TASTE OF LIFE/ Sweet and sour fish: the chef prepares her father’s favorite dish in “fish paradise”

Editor’s note: In the Taste of Life series, culinary experts, chefs, and others involved in the food business showcase their special recipes related to their life journeys.

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Before Wu Wen first set foot in Japan in 1990, his job in China was to support foreign companies doing business in the country.

She got to know people working for Japanese companies, which led to her decision to come to Japan.

Wu married a Japanese man – his parents came from Beijing to attend the wedding and stayed in Tokyo for a while.

Every time her mother went to the supermarket in Tokyo, she would buy fish and cook that week’s white fish stir-fry with mild vinegar “as she pleases.”

The dish, called “tang cu yu” (sweet and sour fish) in Chinese, is a specialty of Hangzhou, in Zhejiang province, close to Wu’s father’s hometown.

It was his favorite dish, and when the family lived in Beijing, his mother would buy freshwater fish like carp or grass carp to make it.

Looking back, Wu says cooking fish with so many bones must have taken a long time.

She also remembers her mother getting excited walking through the fish aisle of supermarkets in Japan.

“In Japan, even fish have their seasons and are varied. They are also sold in fillets. Although my mother didn’t say anything, it must have been a culture shock for her. Japan is a paradise for fish,” says Wu.

“It’s a precious meal in life”, her mother often said.

Since the meal before us is a once-in-a-lifetime affair that can never be replicated in exactly the same way again, the phrase means that we should cherish every meal.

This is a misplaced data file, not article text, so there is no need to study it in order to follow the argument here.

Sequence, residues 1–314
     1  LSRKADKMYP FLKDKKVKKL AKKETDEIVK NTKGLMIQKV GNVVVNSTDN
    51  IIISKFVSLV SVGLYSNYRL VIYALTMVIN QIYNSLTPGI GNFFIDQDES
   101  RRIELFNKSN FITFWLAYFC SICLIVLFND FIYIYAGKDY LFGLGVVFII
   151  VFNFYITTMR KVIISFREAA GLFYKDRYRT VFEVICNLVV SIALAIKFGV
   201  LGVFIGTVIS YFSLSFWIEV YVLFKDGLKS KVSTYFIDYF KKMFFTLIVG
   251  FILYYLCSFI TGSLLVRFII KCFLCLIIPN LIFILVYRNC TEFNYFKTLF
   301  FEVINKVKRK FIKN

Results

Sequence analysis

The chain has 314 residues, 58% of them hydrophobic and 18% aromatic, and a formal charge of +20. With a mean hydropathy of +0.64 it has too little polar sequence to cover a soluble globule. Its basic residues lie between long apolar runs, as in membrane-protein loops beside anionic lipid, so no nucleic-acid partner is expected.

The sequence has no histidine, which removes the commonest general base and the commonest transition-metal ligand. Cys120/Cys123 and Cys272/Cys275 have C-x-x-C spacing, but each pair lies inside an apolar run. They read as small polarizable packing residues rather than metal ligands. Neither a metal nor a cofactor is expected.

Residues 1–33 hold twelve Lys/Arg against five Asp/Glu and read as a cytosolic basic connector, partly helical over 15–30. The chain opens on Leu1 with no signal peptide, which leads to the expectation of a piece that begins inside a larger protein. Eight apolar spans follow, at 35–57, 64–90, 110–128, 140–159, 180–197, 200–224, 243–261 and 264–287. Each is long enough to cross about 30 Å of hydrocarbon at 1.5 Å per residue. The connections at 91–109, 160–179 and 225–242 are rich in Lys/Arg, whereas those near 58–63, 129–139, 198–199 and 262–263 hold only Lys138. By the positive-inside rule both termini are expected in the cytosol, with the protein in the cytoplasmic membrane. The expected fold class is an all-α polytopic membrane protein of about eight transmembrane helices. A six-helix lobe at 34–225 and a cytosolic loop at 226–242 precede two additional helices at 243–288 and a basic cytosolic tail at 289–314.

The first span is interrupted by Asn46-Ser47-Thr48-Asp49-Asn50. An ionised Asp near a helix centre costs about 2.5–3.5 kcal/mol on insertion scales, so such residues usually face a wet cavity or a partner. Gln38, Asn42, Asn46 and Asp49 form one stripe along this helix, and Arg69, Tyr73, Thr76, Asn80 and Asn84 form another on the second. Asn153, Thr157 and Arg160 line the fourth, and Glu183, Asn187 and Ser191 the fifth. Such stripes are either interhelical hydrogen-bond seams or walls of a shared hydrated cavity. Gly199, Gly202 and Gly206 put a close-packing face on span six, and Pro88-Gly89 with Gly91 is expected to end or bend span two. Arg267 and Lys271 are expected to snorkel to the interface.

Wu’s mother loved to cook and did not hesitate to go far to buy the ingredients she wanted.

Wu also cooks the ingredients in the spirit of “ichi-go-ichi-e” (preserving every encounter) and tries to get the best out of them.

Japanese Spanish mackerel (“sawara”), which tastes good in spring, was chosen as the white fish. The recipe also works for sea bream (“tai”) or sea bass (“suzuki”).

The sweet flavor of vinegar goes well with light-tasting white fish. It’s the perfect choice to be served on the dinner table or in bento boxes during the coming season.

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Wu Wen: She is a cooking expert born in Beijing in 1963. She came to Japan in 1990 and opened her cooking salon in Tokyo in 1997. Her recent book on stir-fry, “Wu Wen no itamemono”, was published by Takahashi. Shoten.

Wu Wen (Photo by Atsuko Shimamura)

BASIC COOKING METHOD

Main ingredients (for two people)

2 fillets (250 grams total) of white fish (sawara in this article), basic fish seasoning (1/4 tsp salt, pinch of pepper, 1 tbsp sake, 1 tsp), katakuriko starch, mixed seasoning (1 and 1 tablespoon black vinegar, 1/2 tablespoon honey and grated ginger, 1 tablespoon sake, 1 teaspoon soy sauce, 1/4 teaspoon salt), oil for frying, a little chopped green onion (fine “banno-negi” type)

1. Cut the white fish into bite-sized pieces, mix with the basic fish seasoning and let stand for 20 minutes. Sprinkle with katakuriko starch just before frying.

2. Fry the fish in oil heated to 160-170 degrees for about three minutes. Drain the oil.

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Fry the fish until the pieces are nicely colored. (Photo by Atsuko Shimamura)

3. Add the mixed seasonings to the sauté pan or skillet and bring to a boil. Add the fried fish and let the sauce coat the pieces.

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Bring the mixed seasoning to a boil and simmer for a while before adding the fried fish and coating them in the sauce. (Photo by Atsuko Shimamura)

4. Serve and sprinkle with green onion.

About 360 kcal and 2.2 grams of salt per serving
(Nutrient calculation by Kagawa Nutrition University Nutrition Clinic)

SHORT NOTE

The mixed seasoning creates the sweet and sour taste and should be brought to a boil and simmered before adding the fried fish and coating them in the sauce.

By adding the fish after the sauce has boiled a bit, the dish will be less likely to get sticky.

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This column, translated from the Asahi Shimbun’s Jinsei Reshipi (Recipe for Life) column, will appear on Thursdays starting May 5.

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